We spent the afternoon on Commons Beach while taking a low-mile day on the Tahoe Rim Trail while we re-supplied for the rest of our hike. Thursdays at the beach boast a Farmer’s Market (talk about good luck, we walked in to TC on Thursday; more on that later in the article). The beach is beautiful and didn’t seem very crowded. There was water and flush toilets on site with kayak rentals available on the beach.
South Lake Tahoe, CA
GPS: 38.939583, -120.047892
Kiva Beach was a recommendation from a nice Forest Service Tech named Jennifer that we met while hiking the Tahoe Rim Trail. This beach is not as well signed as others in the area and requires a walk down a short trail from the Visitor’s Center. The walk is well worth it as this beach is pristine. This hard to find beach should be at the top of your list in Tahoe.
Hike the Tahoe Rim Trail (in sections or all at once)
The Tahoe Rim Trail (TRT) is a 170-mile scenic trail that circumnavigates Lake Tahoe, mostly on the rim above the lake. This trail system can be broken down into day hikes or tackled all at once for a 10-14-day adventure.
We chose to thru-hike the rim trail all at once, starting at Kingsbury South Trailhead and re-supplying at Tahoe City, CA. Rachael and I finished the trail in 13-days and could have easily cut it to eleven or twelve. For tips and more information on thru-hiking the Tahoe Rim Trail, check out our post with tips and things that we wish we had known before we set off.
As accessible as most of the trails in Tahoe are, it is no wonder that mountain bikers flock to this area to ride some of the smoothest single-track in the country. From extreme downhill, to cross-country, to bikepacking, Tahoe has something for EVERYONE. Below is a list of recommended rides in the Tahoe Basin:
Big shock that the guy that enjoyed the 170-mile hike around the rim would suggest riding around the lake on your mountain bike, but sure enough, my favorite ride in Tahoe is essentially riding the entire lake in 4-5 days.
Although most of the TRT is open to cyclists, some sections such as Desolation and Mt. Rose Wilderness are bike-free, so the route linked above starts in Reno, NV, takes you through the heart of Lake Tahoe, and back to Reno a week later. There are plenty of re-supply points and places to stop for food, coffee, and a dip in the lake, which makes this route very appealing for a beginner or seasoned bikepacker.
We met a group of guys at Tahoe Meadows that had just started this route and happened to run into them a few days later while we were camping outside of Reno (conveniently on the same route) and they had the same smiles on their faces 4 days later as they did on the second day of their trip.
We hiked up and past this trail on our way around the lake and it is knarly. It offers plenty of rugged downhill, berms, jumps, and obstacles for the most experienced riders. We advise renting a full-suspension, long travel bike for this trail as the old hardtail probably won’t make it out alive.
Enjoy the ride up the Forest Service road leading to Armstrong Pass and let it rip on Toad’s all the way back to lake-level.
The Flume Trail is as iconic of a mountain bike trail as you can find. With very little climbing and beautiful white sand single-track, it’s no wonder that thousands of mountain bikers flock to this trail every summer.
Get to the trailhead early and expect to see a bunch of riders, hikers, and potentially some equestrians as this trail is extremely popular.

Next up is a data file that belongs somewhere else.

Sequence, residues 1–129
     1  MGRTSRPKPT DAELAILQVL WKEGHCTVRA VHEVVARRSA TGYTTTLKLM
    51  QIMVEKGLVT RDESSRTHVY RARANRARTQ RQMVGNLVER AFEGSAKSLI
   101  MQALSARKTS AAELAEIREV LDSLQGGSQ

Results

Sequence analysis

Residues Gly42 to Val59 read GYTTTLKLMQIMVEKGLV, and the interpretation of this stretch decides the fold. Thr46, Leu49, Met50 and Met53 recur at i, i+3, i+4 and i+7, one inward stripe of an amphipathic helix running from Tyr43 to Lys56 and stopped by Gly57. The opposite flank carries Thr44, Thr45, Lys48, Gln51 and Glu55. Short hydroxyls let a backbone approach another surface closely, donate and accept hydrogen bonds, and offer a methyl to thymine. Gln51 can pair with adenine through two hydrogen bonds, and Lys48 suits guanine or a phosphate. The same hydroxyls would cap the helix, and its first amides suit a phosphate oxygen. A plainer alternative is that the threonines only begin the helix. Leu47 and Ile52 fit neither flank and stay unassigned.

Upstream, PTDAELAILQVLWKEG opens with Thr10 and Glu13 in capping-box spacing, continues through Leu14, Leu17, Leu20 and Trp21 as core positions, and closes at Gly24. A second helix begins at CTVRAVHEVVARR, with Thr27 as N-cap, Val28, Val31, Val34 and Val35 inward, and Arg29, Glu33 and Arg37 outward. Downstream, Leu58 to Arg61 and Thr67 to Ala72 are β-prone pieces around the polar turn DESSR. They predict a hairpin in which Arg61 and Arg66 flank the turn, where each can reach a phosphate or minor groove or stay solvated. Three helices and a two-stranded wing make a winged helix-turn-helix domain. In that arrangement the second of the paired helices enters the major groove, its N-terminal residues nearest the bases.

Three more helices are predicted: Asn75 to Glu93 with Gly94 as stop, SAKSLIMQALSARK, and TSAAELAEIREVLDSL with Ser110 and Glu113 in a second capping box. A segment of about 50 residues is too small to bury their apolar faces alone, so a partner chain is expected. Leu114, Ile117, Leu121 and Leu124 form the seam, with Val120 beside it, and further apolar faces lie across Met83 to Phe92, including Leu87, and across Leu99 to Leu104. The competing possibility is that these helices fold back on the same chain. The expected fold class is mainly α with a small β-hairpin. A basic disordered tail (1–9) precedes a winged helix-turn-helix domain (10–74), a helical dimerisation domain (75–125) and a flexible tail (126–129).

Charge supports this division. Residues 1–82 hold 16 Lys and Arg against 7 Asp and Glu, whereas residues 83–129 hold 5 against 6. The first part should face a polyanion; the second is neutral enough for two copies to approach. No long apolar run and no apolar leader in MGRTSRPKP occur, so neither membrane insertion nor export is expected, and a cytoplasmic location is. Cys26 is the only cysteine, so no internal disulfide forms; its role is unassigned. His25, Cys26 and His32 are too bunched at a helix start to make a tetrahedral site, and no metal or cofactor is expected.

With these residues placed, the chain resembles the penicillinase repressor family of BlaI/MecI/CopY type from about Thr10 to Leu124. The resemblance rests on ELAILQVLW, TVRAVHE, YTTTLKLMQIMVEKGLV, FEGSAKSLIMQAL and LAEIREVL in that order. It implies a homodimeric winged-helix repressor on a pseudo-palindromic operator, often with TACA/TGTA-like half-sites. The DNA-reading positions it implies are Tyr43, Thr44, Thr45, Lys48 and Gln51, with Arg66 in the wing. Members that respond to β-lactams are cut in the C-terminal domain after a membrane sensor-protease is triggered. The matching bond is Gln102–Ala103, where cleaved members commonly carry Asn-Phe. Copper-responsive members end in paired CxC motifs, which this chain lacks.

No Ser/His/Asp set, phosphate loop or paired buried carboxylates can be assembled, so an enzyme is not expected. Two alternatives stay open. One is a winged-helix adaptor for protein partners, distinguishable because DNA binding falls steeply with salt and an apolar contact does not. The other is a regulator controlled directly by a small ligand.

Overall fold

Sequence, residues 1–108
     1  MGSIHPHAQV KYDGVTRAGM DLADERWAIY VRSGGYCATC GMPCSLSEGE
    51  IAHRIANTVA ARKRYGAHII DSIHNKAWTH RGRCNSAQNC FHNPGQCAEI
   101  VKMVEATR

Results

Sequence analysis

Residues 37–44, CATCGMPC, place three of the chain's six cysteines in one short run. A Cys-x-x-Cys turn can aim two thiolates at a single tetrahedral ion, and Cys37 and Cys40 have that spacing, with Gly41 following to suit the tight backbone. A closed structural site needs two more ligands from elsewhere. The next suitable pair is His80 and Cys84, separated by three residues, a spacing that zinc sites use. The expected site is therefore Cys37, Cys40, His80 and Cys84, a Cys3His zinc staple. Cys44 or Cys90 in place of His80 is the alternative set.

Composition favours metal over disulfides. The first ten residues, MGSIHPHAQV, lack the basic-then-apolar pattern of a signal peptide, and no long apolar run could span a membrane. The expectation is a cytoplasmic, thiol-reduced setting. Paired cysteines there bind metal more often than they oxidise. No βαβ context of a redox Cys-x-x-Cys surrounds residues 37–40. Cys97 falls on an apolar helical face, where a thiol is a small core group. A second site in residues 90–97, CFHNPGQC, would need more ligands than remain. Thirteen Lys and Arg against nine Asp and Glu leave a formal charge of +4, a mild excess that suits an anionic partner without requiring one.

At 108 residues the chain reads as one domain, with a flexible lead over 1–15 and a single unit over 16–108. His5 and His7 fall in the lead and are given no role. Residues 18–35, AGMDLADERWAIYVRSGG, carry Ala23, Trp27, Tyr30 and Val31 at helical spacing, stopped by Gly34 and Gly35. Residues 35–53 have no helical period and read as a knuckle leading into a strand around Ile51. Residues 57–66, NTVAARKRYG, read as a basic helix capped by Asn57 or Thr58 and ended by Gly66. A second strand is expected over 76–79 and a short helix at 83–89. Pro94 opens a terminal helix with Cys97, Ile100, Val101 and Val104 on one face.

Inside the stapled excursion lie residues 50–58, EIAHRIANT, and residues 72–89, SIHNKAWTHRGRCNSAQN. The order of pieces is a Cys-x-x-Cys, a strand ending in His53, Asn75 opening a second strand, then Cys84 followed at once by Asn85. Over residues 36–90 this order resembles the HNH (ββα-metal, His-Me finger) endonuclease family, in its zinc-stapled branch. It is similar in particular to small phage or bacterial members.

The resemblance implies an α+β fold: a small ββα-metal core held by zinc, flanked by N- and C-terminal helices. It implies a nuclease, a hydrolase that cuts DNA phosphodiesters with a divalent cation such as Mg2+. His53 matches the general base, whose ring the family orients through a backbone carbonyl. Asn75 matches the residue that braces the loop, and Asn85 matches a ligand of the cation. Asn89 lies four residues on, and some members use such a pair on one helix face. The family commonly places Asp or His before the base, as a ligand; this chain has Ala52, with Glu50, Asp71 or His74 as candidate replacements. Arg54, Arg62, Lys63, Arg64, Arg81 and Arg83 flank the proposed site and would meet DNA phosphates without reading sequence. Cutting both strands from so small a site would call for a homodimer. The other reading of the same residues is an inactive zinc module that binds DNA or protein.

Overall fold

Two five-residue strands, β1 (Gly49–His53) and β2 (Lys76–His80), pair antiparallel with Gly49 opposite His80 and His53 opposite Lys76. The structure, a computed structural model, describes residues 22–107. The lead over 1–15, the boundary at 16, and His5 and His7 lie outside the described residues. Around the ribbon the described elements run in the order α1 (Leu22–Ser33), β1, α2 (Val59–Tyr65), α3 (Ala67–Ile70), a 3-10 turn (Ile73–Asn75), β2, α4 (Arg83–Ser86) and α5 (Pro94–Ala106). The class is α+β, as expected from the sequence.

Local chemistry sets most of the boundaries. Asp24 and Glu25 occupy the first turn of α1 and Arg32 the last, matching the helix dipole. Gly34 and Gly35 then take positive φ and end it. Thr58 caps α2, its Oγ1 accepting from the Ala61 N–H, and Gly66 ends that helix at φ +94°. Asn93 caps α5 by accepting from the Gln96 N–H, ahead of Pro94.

Food, Groceries, and Amenities
GLUTEN FREE RATING: A+
We spent a total of about 15 days in Tahoe and 13 of them were on the Tahoe Rim Trail where we made our own food every breakfast, lunch, and dinner. That being said, on our days before and after our hike and on our half-day in Tahoe City, we found Lake Tahoe to be incredibly Gluten Free Friendly.
Groceries were simple in South Lake Tahoe with a Safeway that had everything that we hadn’t picked up in Carson City, NV a few days prior. Speaking of, Carson is a great location to fill up on cheap gas, restock your groceries and supplies, and enjoy the dry heat before heading into the Tahoe Basin. We found gas in Nevada to be over $1/gal cheaper than buying in California.
Rachael’s Pick in Tahoe
As mentioned above, there is an excellent Farmer’s Market in Tahoe City on Thursdays that had a ton of fresh produce, gluten free pastries, fine wines and cheeses, and even live music. We highly recommend scheduling your time in TC to include the Common’s Beach Farmer’s Market. We picked up some gluten free goodies from Sugar Pine Cakeryand pick up some raw white cheddar from Spring Hill Cheese, the cheese was unreal!
A quality of life indicator that we look for in our travels and observations of potential new homes is the abundance and quality of the outdoor stores in the area. Despite a moderate addiction to Amazon and REI (we are working on cutting back…) we would really prefer to live in a place that has a decent and affordable outdoor store for when our gear breaks or we feel the urge to upgrade. On day one of our 13-day trek, the shoulder strap on my cheap, 6-year old pack broke, snapped right off at the seam. We rigged it up and got into Tahoe City on a bum strap and shoulder from the maldistributed weight.
The folks at Alpenglow Sports saved the day! Not only did they carry Osprey packs, the brand that I have been eyeing for years, but they also had a knowledgeable sales person that had hiked most of the TRT and knew exactly what type of pack to suggest. She helped me pick out a really solid pack at the price point that we were comfortable paying. They even let me try it on, load it down with weight, and walk around the store with it to make sure it fit just right. Did I mention that we hadn’t showered in 7 days?
*A bonus perk of Alpenglow Sports is that if you are thru-hiking they will let you ship a resupply box to their PO Box and they will hold it for you until you hike into town, FOR FREE! Talk about great customer service!
This is an area that we really don’t get to comment on too often, because we live in our bus and don’t stay in hotels or even campgrounds very often. However, after wearing the same clothes for 13 days with no shower, we decided to splurge on a $50 hotel room in Reno, NV. Accommodations in Tahoe, even during the week, were over $100/night and we simply can’t afford that. The Harrah’s Casino in downtown Reno was cheap, clean, and a great value! We spent a full day relaxing, cleaning and sorting gear, and stuffing our face at the two-for-one buffet. For the money, you really can’t beat a casino hotel after a thru-hike!